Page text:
10th Annual New England Winter Blues Festival
Saturday, February 9 | 8PM
Featuring Sugar Ray & The Bluetones
w/ Little Charlie Baty,
Luther “Guitar Junior” Johnson,
Rick Estrin, Sonya Rae Taylor & Jason Ricci
Doors Open at 6:30PM
Reserved Seating + General Admission: $35
+ $3 Additional Day of Show
10th Annual New England
Winter Blues Fest Artists
Sugar Ray & the Bluetones
Sugar Ray & the Bluetones have been playing their unique style of blues the world over for almost forty years. Not limited to one style, but able to play Chicago Blues in the style of Muddy Waters. Little Walter and Billy Boy Arnold; Kansas City Swing in the style of "Big" Joe Turner; Texas Blues like "T" Bone Walker and Freddie King; and the swampy Louisiana sounds of "Lazy" Lester-all played with the distinctive originality of band leader Sugar Ray Norcia, vocals and harmonica, guitarist Little Charlie Baty, Anthony Geraci at the piano and Hammond Organ, Michael "Mudcat" Ward playing acoustic and electric bass, and drummer Neil Gouvin.
All of the members of Sugar Ray and the Bluetones have been featured on other Artists recordings which include Hubert Sumlin, John Hammond, Johnny Winter, Otis Grand, Pinetop Perkins, The Mannish Boys, Sugaray Rayford, Debbie Davies, Duke Robillard, Ronnie Earl and many more.
With his wily and unforgettable original songs and his hipster, street-smart vocals, no one on the blues scene writes or sings like Rick Estrin. No one looks like him either, as Estrin is always dressed to the nines, sporting his trademark pencil-line mustache and pompadour haircut. DownBeat says, “Rick Estrin sings and writes songs like the brightest wiseguy in all of bluesland and blows harmonica as if he learned at the knee of Little Walter.” Live, the band is simply unbeatable. They deliver a high-energy show capable of bringing any audience to its feet. According to Living Blues magazine, they play “captivating, powerful blues and roots rock with a wickedly cool and otherworldly twist on tradition...intelligently conceived and executed...hugely entertaining.”
Luther “Guitar Junior” Johnson
Luther “Guitar Junior” Johnson is one of the premier blues artists to emerge from Chicago’s music scene. Hailing from Itta Bena, Mississippi, Johnson arrived in Chicago in the mid-fifties a young man. At around the same time, the West Side guitar style, a way of playing alternating stinging single-note leads with powerful distorted chords, was being created mostly by Magic Sam and Otis Rush. Originally developed because their small bands could not afford both lead and rhythm guitar players, this style grew into an important contribution to modern blues and rock, influencing such notables as Eric Clapton and Mark Knopfler. Johnson served a long sideman apprenticeship with both Magic Sam and Muddy Waters, while developing into a strong performer in his own right. Today, Luther is widely considered the foremost proponent of the West Side guitar style and the heir apparent to the late Magic Sam’s West Side throne.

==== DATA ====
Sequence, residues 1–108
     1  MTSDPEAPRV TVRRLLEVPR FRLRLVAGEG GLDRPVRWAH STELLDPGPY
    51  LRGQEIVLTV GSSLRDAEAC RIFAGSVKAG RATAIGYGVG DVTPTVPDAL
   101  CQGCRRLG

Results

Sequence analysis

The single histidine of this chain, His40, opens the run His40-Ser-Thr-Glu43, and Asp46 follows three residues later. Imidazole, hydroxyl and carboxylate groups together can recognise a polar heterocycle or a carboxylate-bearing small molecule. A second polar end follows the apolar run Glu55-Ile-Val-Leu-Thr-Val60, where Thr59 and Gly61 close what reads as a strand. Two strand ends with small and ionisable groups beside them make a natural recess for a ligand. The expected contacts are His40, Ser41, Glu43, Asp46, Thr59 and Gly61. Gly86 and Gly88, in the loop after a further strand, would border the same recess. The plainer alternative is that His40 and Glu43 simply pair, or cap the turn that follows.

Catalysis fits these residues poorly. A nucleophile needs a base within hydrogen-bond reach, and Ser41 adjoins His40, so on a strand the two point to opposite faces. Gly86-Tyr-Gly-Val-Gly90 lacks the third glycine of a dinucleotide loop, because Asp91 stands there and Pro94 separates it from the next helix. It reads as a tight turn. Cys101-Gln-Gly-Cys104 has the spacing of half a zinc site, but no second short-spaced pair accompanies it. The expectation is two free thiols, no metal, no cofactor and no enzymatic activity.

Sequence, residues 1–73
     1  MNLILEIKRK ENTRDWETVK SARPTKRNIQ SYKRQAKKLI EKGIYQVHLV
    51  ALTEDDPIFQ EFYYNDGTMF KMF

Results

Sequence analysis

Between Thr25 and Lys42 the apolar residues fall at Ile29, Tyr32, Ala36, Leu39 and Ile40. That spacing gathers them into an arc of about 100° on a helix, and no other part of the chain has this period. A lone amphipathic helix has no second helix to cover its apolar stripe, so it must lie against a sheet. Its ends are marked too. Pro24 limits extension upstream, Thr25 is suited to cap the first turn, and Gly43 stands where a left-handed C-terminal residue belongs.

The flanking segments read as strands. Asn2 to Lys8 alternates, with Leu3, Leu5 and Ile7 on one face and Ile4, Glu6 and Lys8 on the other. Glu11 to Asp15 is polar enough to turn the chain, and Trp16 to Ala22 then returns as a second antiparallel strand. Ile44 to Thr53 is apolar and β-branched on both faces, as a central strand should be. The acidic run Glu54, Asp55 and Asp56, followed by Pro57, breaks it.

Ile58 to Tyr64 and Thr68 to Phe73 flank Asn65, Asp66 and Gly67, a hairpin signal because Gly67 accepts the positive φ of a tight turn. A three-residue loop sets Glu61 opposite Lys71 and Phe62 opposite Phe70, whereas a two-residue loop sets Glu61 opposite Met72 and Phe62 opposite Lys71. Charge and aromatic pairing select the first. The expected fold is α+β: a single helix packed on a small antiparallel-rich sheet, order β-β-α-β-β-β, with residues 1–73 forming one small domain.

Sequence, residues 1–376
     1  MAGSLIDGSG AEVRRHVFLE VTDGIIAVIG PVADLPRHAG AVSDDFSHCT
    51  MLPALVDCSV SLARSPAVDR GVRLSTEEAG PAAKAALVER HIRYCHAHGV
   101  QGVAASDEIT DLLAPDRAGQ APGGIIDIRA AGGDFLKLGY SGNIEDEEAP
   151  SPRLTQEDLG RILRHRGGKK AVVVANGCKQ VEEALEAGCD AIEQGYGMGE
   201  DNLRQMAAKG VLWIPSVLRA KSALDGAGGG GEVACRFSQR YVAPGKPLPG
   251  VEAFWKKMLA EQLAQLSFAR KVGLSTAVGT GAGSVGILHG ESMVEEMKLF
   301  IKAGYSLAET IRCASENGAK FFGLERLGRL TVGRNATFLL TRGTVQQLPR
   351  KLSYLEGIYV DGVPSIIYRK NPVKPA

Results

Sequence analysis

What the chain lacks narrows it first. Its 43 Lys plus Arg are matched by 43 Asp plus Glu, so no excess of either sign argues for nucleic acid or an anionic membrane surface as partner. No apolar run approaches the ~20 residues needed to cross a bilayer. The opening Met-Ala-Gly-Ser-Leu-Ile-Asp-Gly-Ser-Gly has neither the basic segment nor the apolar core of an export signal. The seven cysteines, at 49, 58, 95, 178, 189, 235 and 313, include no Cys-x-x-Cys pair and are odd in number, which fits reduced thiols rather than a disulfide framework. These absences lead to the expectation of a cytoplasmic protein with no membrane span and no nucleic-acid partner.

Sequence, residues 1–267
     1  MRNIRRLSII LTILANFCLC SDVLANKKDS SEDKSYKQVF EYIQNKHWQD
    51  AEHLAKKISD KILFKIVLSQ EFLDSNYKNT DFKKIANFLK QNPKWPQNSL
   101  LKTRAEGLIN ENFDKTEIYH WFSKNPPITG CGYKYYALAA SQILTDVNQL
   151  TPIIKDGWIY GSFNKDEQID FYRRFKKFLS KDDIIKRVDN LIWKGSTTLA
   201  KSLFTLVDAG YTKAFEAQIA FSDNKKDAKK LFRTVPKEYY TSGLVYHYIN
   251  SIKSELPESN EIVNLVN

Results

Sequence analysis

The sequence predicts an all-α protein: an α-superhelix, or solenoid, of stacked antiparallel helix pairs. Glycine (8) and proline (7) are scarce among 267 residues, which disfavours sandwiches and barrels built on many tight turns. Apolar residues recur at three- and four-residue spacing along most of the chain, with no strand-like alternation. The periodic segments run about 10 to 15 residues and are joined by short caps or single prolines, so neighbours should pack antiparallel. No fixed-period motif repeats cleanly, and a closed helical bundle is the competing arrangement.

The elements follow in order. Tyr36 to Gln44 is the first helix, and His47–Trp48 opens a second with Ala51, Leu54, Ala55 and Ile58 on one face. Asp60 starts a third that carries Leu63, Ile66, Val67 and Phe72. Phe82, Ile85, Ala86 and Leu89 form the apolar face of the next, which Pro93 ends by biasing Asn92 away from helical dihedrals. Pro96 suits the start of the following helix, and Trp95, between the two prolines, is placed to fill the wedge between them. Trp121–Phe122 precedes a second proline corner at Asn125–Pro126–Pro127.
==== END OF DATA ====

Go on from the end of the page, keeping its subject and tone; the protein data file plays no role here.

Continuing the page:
Sonya Rae Taylor
Sonya is part of the new breed of blues and soul musicians, always searching for new ways to revitalize the form. A triple threat, Sonya is a fiery guitar slinger, soulful blues belter and a songwriter of depth and craft beyond her years. She is joined by her husband Ryan Taylor (Gtr) to form a powerful guitar duo. The couple has logged many miles in their young careers, from Boston to Austin then Nashville, where Sonya was signed by BMG Chrysalis. The two have worked with or shared stage with artists ranging from Austin queen of soul, Tameca Jones, Gary Clark Jr, John Popper of Blues Traveler, John Medeski and Derrico Watson of the Victor Wooten Band and have made TV appearances on shows such as the the ABC series “Nashville”. They are two of the finest young guitar players in the scene today and continue to provide audiences with high energy and soulful performances up and down the east coast and beyond.
Jason RicciJason Ricci is one of the most popular harmonica players on the planet today, listed in most every top ten list on the internet. For more than two decades of endless touring, TV appearances and recordings Ricci’s style of harp-playing is so revolutionary and influential that there exists an entire younger generation of players imitating his music, clothes, gear and even stage presence. Nicknamed “Moon Cat” (a street name he once used in Nashville and New Orleans to avoid police detection) Jason has been an almost constant force for decades in the studio, festivals, club dates and press.Through performing, singing, song writing, teaching, harmonica playing and activism, Moon Cat from Maine is currently changing the world through music and education.